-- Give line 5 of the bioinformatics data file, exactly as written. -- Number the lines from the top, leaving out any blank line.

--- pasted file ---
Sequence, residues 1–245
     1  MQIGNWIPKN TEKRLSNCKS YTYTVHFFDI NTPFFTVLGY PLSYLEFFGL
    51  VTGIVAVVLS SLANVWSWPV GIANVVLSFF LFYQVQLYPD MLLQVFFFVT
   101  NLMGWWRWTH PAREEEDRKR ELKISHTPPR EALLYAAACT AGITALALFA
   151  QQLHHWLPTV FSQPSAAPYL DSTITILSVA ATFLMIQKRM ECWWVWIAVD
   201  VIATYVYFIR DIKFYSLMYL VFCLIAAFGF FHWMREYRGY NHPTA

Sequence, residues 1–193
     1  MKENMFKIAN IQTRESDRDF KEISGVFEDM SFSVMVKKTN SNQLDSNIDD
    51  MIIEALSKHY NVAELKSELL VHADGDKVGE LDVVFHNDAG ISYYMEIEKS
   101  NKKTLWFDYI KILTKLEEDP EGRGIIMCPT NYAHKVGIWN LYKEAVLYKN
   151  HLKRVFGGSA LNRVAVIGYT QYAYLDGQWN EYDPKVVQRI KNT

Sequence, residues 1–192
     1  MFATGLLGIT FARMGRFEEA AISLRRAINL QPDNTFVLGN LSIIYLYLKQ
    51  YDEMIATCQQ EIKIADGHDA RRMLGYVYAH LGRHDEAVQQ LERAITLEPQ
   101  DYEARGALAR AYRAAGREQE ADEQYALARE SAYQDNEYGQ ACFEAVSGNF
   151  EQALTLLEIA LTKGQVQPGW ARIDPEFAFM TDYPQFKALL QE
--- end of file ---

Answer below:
   151  QQLHHWLPTV FSQPSAAPYL DSTITILSVA ATFLMIQKRM ECWWVWIAVD